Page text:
Shauna Lee Lange is an artist, illustrator and designer who is also a liturgical arts adviser to churches and other sacred spaces. She has identified trends in North American contemporary sacred arts that include a return to organic materials, a focus on mysticism and exoticism and a preference for minimalism. She is based in Connecticut.
Darrell Black is an American artist who is based in Frankfurt, Germany. His abstract acrylics and oils are frequently inspired by faith, and he has spoken about using art to bridge the gap between Christianity and Judaism.
York Lethbridge is executive director of the Mercer Union, a center for contemporary art in Toronto. He curated the center’s 2016-2017 show “Astral Bodies,” a group show in which artists explored “the nature of divinity and how we fit into the universe.”
Judith Tutin is an Ireland-based artist whose paintings frequently address Catholicism. Her artist’s statement describes viewing art as a spiritual experience.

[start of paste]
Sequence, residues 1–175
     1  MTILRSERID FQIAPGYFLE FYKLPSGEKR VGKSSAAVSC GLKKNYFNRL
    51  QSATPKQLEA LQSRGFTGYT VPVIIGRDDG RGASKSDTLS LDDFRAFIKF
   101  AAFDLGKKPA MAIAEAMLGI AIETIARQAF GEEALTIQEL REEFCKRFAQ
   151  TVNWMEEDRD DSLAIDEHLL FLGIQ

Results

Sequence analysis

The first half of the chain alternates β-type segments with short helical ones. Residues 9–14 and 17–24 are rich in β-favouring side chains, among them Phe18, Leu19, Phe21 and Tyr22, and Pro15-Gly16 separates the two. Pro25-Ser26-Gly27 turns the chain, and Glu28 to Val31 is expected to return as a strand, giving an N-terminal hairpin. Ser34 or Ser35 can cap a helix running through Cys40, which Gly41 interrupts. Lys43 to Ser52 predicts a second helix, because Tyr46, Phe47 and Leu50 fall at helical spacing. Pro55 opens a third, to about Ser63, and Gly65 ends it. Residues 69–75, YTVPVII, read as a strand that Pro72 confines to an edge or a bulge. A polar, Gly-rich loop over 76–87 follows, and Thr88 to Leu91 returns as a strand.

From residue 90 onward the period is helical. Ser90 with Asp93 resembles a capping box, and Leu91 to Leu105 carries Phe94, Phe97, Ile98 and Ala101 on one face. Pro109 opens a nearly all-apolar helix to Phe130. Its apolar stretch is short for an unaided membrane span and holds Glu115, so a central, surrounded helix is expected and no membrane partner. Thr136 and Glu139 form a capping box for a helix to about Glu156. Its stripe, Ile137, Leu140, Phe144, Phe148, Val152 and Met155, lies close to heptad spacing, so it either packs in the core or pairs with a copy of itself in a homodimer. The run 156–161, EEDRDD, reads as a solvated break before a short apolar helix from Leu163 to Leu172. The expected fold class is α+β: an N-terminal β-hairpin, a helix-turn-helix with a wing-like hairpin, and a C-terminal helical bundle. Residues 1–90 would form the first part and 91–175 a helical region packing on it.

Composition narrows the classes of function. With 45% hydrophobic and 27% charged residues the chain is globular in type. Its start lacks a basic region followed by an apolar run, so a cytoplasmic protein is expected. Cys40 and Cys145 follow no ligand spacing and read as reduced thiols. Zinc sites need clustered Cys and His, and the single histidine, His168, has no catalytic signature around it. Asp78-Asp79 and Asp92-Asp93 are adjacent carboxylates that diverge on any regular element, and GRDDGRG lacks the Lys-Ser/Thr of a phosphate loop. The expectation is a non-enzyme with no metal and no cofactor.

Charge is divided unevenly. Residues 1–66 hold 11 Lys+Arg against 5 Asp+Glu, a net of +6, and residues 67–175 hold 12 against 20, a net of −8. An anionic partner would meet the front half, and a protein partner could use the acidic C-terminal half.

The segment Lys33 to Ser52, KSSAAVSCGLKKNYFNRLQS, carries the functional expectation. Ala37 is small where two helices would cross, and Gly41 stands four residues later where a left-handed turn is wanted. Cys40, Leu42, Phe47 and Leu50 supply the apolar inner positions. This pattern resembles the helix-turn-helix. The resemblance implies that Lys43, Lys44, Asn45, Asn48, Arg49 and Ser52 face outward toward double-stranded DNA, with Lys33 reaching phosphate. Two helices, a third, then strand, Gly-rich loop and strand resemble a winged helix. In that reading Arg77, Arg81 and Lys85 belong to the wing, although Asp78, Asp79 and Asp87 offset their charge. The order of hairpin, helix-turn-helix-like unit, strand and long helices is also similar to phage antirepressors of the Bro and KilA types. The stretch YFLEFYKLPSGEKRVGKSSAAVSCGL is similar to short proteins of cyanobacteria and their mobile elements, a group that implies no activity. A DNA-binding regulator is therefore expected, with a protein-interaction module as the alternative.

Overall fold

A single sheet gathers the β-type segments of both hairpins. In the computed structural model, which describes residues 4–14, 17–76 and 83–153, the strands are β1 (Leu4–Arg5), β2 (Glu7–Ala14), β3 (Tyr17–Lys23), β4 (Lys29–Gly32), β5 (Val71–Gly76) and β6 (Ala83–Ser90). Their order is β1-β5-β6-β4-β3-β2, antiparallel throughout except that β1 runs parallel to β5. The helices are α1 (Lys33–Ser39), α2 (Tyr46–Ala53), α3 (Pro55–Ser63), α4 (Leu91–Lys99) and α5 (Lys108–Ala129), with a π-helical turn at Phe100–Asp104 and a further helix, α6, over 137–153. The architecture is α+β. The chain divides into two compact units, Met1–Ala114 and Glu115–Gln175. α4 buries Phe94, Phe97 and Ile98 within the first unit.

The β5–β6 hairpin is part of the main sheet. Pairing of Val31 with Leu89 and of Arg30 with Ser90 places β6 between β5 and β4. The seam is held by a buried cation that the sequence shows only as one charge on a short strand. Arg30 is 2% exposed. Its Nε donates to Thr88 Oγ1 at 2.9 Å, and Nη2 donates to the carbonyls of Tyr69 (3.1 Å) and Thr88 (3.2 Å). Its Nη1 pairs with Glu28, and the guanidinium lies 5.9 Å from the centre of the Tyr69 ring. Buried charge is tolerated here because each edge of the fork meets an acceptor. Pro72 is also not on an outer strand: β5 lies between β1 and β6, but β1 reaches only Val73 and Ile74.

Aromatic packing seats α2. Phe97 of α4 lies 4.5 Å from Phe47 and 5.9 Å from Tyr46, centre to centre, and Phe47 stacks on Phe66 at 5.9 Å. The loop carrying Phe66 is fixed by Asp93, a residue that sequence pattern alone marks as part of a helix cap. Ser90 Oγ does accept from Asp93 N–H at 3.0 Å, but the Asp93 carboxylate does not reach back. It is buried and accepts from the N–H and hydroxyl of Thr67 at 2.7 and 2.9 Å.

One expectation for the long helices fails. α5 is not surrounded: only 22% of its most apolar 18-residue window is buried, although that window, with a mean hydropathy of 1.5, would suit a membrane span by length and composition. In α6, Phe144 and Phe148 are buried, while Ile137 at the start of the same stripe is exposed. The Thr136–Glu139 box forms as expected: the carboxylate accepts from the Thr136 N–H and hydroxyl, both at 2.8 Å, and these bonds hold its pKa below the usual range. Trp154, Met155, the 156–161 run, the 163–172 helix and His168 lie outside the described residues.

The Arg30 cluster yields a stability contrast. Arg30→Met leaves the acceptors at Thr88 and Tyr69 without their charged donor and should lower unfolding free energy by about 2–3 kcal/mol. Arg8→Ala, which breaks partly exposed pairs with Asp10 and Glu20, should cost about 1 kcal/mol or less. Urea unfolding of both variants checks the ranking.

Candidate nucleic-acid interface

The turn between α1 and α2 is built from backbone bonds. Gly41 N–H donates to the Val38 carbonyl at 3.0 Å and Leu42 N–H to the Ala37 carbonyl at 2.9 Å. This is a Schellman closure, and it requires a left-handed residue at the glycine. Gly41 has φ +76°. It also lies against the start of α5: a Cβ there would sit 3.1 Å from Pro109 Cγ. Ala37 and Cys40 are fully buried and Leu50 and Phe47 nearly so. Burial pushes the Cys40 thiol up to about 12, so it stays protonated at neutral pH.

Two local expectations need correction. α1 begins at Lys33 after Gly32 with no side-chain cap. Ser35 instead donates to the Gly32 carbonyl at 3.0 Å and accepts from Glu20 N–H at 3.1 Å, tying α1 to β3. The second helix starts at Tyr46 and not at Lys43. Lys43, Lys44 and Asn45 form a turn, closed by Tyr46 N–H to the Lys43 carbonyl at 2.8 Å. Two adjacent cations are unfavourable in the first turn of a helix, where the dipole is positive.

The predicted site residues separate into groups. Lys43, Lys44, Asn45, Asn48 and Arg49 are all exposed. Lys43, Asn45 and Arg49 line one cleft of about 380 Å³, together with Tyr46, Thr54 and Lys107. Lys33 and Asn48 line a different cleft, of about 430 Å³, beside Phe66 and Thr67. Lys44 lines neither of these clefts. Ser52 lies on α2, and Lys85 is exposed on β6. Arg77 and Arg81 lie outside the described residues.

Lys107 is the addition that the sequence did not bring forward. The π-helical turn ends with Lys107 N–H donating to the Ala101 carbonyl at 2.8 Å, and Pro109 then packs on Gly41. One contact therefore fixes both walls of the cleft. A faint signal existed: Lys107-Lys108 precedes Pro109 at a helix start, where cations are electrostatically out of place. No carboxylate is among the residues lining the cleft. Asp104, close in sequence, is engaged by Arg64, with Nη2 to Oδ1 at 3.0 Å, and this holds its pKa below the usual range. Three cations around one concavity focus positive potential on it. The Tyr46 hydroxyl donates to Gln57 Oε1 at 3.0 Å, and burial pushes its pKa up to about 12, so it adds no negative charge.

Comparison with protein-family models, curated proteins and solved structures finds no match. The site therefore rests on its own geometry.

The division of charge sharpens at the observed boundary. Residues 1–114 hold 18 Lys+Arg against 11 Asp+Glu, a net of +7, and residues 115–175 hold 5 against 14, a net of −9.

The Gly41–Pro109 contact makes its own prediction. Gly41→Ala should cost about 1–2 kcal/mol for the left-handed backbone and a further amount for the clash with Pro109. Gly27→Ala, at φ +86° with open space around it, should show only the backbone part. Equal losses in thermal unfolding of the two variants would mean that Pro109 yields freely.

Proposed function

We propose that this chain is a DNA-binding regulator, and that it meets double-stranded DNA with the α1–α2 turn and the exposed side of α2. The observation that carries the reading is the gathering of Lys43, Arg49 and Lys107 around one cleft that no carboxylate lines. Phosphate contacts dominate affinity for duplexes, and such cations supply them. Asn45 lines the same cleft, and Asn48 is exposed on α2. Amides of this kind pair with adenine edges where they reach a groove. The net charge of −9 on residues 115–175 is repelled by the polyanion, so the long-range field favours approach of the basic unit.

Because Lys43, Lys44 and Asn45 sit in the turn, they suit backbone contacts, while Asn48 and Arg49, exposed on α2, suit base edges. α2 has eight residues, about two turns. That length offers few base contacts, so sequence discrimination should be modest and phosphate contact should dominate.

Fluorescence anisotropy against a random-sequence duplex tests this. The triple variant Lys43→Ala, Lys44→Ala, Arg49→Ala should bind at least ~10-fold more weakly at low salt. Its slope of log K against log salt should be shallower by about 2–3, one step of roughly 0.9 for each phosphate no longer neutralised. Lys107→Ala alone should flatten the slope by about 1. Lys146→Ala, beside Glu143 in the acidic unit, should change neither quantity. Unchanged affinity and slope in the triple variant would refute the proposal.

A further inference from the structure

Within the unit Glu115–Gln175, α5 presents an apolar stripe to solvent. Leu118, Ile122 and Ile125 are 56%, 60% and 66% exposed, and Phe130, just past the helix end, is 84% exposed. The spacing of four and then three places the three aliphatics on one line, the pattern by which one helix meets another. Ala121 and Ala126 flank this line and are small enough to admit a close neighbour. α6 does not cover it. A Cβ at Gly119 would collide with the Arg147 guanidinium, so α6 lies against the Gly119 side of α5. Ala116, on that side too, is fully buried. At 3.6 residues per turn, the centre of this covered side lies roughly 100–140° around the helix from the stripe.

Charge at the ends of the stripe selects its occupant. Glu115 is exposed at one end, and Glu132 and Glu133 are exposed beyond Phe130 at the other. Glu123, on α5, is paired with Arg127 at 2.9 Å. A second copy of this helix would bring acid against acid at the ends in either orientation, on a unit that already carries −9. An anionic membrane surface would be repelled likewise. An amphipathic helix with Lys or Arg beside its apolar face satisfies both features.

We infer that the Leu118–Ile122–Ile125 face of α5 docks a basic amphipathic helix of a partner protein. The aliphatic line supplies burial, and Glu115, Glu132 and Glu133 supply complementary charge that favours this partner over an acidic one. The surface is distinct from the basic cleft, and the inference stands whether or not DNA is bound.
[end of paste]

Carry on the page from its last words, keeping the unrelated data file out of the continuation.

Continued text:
Francoise Bissara-Frereau is a French artist and sculptor whose subjects are frequently religious and include St. Joan of Arc, the Virgin Mary, the Holy Family and the Last Supper. Contact via the form on her website.
Omar Kholeif is a curator at the Museum of Contemporary Art in Chicago, where he will curate the 2019 show “Many Tongues: Art, Language and Revolution in the Middle East and South Asia.” The show will examine “shared histories of colonization and migration, and religion and tradition.” Contact via Elena Grotto in media relations.
Helen Molesworth is chief curator at the Museum of Contemporary Art in Los Angeles. She can discuss how contemporary artists, especially those whose work is not explicitly religious, confront questions usually tackled by religion. Contact via Priyanka Fernando, communications assistant, or Emily Rose, her executive assistant.
Menachem Wecker is a Washington, D.C.-based journalist who writes frequently about art and religion/spirituality for many publications, including The Atlantic, The Wall Street Journal, The Washington Post and Religion News Service. He can discuss contemporary artists whose subjects are inspired by faith or religion, especially Jewish and Christian artists. Contact via the form on his […]
Beth Krensky is an associate professor of art education and the area head of art teaching at the University of Utah in Salt Lake City. She is also an artist and activist. Her work is expressed in objects — she makes reliquaries, prayer shawls and “portable sanctuaries.” Some of her work is rooted in Judaism.